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Alcoa turns down binding arbitration option to end 13-month ABI aluminum smelter lockout

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Alcoa turns down binding arbitration option to end 13-month ABI aluminum smelter lockout

  • Editor
  • Bob Matyi
  • Commodity
  • Metals

Louisville, Kentucky — Alcoa will not be entering binding arbitration talks with the United Steelworkers union to end a lockout now into its 14th month at the 450,000 mt/year Aluminerie de Becancour aluminum smelter in Quebec, it said.

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The Pittsburgh-based company's decision comes as roughly 700 members of USW Local 9700 at the smelter voted unanimously over the weekend to request binding arbitration, union spokeswoman Clairandree Cauchy said Monday.

Some 1,030 union workers have been locked out since January 11, 2018, and sporadic talks have failed to produce a breakthrough so far.

In a statement released by spokesman Jim Beck, Alcoa said its management "remains committed to resolving the labor conflict and improving the long-term productivity of the smelter."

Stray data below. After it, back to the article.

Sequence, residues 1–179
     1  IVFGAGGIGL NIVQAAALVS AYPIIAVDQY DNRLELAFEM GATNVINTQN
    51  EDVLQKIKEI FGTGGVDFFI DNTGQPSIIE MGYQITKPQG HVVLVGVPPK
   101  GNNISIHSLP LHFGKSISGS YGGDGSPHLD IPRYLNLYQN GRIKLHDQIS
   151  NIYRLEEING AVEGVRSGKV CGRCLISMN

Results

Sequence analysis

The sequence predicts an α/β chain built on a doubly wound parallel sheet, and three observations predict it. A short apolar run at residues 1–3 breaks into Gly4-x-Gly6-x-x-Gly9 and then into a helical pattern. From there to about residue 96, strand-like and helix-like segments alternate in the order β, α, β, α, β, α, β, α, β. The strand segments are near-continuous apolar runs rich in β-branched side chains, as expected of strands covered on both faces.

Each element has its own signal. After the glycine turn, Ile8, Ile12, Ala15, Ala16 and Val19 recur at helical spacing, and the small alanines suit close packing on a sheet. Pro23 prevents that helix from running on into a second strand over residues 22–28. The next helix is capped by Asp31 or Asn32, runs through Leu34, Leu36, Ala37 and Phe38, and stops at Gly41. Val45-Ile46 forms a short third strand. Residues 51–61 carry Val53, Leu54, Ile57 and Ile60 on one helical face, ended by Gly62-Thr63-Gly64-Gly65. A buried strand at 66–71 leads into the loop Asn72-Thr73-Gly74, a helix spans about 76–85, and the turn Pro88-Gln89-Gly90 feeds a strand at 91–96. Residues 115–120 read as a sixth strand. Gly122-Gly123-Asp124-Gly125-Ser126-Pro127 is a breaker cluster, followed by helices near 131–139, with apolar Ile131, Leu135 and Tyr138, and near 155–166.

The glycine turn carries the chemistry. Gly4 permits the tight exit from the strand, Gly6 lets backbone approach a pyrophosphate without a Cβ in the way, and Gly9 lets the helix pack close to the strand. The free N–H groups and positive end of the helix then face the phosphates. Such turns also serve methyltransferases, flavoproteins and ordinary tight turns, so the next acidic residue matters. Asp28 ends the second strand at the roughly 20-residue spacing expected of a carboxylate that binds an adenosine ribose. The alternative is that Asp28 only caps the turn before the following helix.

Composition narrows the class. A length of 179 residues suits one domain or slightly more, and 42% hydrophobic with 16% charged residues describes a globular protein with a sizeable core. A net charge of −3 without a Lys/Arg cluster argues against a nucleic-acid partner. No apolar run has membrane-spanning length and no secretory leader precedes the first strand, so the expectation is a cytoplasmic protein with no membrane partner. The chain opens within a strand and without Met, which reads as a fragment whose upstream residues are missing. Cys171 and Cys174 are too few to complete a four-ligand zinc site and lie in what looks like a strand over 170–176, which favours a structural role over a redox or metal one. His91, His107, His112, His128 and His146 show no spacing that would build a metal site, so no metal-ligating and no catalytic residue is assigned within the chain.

And while the company has "always negotiated in good faith" and submitted competitive proposals to the union, "arbitration will not ensure ABI's future. Alternate processes are not the appropriate solutions to resolve the conflict."

Cauchy said, however, that Alcoa also "canceled all bargaining meetings that were scheduled" in the coming weeks.

That leaves the USW with few options. They include giving in to Alcoa's demands, which Cauchy said will not happen, or again asking the Quebec government to intervene in the dispute.

When he was running for Quebec premier last fall with the center-right Coalition Avenir Quebec, Francois Legault promised a muscular approach to dealing with the lockout if elected. Legault won the election, but little has happened since to change the dynamics of the lockout.

"At this point," Cauchy said, "we want the Quebec government to put some pressure on the company."

Alcoa, she added, "does good business in Quebec with three different aluminum plants" that have favorable power rates from Hydro Quebec, the province-owned electric company.

The union contends the province has lost in excess of $200 million during the lockout on absent electricity sales because the smelter has barely operated in recent months.

Soon, Alcoa is expected to start contract talks with a union representing hundreds of employees at its 437,000 mt/year Baie-Comeau aluminum smelter in Quebec. That agreement expires in May.

-- Bob Matyi,

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